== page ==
Barbara Skinner. The Western Front of the Eastern Church: Uniate and Orthodox Conflict in 18th-century PoMnd, Ukraine, Belarus, and Russia. DeKaIb: Northern Illinois University Press, 2009. Tables. Maps. Bibliography. Index, xvi, 295 pp. $42.00, cloth.
It was nearly a decade ago that Gregory Freeze called for a more rigorous, archivedependent, and conceptually innovative study of religion in Russia. "One can only hope," he wrote, "that the next decade of scholarship will be more diversified, explore new problems, and draw more generously on the rich holdings outside the central repositories" ("Recent Scholarship on Russian Orthodoxy: A Critique," Kritika: Exploration in Russian and Eurasian History 2.2 [Spring 2001]: 278). Freeze' s admonition pertained first and foremost to the history of Orthodoxy in Russia, but his entreaty - and his daring and honest criticism of the state of scholarship at the time - applies just as well to the field of religious history in the entire East Slavic space, not just Russia and not just Orthodoxy. A decade later, Freeze' s call to push beyond "archival dilettantism" and to expand the focus of research past well-worn and tired topics has been heeded by Barbara Skinner, whose study of the Uniate and Orthodox conflict in Russia, Poland, Ukraine, and Belarus has done more than offer precisely the kind of study Freeze envisioned. It provides a model for interdisciplinary and cross-cultural research for us to follow.
Skinner has offered a detailed and richly documented history of the eighteenth-century Uniate-Orthodox confessional wars on the spaces along the shifting border between Poland-Lithuania and the Russian Empire. These were wars like those fought a century or more earlier in Western Europe: as much a battle over religious territory as it was over religious customs and ideas. The language Skinner uses to describe and imagine this warfare is vivid and deliberately military. Readers encounter boundaries "contested," "cease-fires" erupting on the "front," "religious battle lines" drawn and redrawn, "alliances" formed and broken, and religious communities "victorious" in their confessional "struggles" with their "opponents." The "front" in this war moved back and forth over the course of the seventeenth and eighteenth centuries, as the Rzeczpo spolita expanded and contracted, as it met with alternating successes and failures in dominating the western reaches of the Qipchaq Steppe, and as the internal political system found, then promptly and permanently lost, its stability, legitimacy, and potency. As the boundaries moved, so too did the confessional lines in this disputed space, which had largely been absorbed into union with Rome at the Union of Brest (1596). Skinner's rich descriptions of the lives of Christian communities in this border space help the reader to imagine the insecurity and instability of religious life that the residents of these spaces endured.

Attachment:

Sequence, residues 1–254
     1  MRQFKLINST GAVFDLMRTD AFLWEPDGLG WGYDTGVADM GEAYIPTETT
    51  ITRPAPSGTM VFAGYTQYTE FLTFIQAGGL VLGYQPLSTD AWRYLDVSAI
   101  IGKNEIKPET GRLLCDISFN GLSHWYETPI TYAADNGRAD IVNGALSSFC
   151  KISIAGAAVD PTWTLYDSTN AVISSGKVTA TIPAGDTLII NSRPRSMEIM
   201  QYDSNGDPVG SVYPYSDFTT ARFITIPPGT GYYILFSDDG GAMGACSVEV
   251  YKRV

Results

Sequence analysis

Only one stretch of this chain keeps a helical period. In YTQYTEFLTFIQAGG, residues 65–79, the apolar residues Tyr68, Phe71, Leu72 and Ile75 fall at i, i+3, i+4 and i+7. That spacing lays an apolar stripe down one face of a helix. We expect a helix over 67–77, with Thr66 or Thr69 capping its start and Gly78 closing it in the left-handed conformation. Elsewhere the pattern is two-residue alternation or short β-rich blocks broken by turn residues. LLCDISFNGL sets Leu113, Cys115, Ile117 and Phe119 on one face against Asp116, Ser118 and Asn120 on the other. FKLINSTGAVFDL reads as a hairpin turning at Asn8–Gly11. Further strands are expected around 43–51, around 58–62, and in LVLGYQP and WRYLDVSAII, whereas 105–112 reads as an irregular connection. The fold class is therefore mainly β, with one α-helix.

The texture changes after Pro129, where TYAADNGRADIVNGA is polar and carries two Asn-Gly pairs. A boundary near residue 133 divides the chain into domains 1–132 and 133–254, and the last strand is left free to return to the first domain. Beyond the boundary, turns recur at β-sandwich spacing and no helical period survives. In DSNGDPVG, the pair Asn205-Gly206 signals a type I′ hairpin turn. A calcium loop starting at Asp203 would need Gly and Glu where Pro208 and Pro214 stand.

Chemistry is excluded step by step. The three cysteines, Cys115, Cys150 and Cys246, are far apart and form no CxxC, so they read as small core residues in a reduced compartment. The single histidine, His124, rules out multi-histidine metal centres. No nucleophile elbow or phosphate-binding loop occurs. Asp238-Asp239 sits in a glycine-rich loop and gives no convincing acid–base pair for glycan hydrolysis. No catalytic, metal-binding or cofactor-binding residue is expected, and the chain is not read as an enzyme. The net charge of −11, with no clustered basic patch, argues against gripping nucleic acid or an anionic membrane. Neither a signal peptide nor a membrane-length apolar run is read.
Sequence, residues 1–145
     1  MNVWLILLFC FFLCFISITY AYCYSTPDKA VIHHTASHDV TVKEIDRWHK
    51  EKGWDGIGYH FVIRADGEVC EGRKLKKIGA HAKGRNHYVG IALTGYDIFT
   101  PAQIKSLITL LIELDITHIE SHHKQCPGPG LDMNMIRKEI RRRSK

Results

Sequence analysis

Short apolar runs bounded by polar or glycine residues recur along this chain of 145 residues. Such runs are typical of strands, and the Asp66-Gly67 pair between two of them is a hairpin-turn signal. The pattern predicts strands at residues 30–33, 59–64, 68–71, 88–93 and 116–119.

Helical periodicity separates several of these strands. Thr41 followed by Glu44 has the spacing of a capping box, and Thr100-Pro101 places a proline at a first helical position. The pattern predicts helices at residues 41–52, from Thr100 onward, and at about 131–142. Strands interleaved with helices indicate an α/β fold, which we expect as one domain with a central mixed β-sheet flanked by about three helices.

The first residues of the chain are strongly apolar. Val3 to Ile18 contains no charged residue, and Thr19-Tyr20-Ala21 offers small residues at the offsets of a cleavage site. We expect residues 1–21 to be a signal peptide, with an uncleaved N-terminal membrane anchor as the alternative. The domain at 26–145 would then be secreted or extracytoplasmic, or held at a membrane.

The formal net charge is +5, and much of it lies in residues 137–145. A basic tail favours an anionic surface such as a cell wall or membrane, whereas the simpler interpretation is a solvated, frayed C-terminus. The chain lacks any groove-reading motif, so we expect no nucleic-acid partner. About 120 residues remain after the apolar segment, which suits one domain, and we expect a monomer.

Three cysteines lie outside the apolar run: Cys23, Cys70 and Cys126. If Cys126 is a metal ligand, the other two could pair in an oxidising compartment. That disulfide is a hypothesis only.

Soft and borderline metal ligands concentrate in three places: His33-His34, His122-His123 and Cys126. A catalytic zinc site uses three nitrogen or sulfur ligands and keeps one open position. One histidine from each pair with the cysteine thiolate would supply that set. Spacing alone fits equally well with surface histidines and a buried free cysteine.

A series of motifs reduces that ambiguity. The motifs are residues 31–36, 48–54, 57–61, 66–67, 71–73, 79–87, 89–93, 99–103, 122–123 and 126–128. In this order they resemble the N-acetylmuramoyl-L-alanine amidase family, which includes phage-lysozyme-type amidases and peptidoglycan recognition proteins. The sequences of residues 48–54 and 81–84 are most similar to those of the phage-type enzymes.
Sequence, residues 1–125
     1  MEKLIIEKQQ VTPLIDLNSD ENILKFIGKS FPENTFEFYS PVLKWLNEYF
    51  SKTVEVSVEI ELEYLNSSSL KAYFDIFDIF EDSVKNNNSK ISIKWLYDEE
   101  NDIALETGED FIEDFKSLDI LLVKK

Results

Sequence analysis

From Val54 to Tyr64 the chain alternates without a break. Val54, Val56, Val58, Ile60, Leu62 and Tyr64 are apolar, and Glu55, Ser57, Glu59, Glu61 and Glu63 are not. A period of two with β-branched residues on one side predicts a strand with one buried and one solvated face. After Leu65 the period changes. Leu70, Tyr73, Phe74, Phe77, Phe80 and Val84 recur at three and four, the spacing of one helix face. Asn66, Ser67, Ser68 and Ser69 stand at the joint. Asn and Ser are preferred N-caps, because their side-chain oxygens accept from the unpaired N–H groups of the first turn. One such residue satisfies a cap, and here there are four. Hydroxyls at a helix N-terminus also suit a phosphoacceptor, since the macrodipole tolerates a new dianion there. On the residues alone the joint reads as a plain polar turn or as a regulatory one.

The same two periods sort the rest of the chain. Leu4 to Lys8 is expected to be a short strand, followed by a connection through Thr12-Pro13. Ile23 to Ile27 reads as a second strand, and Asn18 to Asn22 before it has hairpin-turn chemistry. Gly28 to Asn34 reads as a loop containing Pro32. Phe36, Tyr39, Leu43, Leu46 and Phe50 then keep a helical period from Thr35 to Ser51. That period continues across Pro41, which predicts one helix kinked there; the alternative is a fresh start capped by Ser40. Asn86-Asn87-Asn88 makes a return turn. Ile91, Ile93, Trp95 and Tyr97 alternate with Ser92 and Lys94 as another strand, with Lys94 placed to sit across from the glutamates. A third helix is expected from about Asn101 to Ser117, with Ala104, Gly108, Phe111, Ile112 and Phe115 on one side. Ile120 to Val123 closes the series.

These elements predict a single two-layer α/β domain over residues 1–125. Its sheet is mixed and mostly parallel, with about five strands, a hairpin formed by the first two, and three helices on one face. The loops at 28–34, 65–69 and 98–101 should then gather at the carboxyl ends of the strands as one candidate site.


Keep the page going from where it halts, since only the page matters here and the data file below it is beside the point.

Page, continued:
The book is divided into two halves. After an introductory first chapter, the next three chapters look more in cross- section than chronologically at vital descriptive features of the Uniate community in Poland-Lithuania after Brest: parish life, the clergy, and the general Problematik of religion and identity. …